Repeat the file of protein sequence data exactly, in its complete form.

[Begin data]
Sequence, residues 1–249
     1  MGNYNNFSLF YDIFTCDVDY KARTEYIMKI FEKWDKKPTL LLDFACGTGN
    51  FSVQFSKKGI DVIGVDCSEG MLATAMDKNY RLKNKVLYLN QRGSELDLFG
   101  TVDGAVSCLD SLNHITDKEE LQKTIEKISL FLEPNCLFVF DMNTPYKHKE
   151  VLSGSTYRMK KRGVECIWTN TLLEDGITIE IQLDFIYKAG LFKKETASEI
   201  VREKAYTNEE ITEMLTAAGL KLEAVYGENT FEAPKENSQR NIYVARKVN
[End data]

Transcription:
Sequence, residues 1–249
     1  MGNYNNFSLF YDIFTCDVDY KARTEYIMKI FEKWDKKPTL LLDFACGTGN
    51  FSVQFSKKGI DVIGVDCSEG MLATAMDKNY RLKNKVLYLN QRGSELDLFG
   101  TVDGAVSCLD SLNHITDKEE LQKTIEKISL FLEPNCLFVF DMNTPYKHKE
   151  VLSGSTYRMK KRGVECIWTN TLLEDGITIE IQLDFIYKAG LFKKETASEI
   201  VREKAYTNEE ITEMLTAAGL KLEAVYGENT FEAPKENSQR NIYVARKVN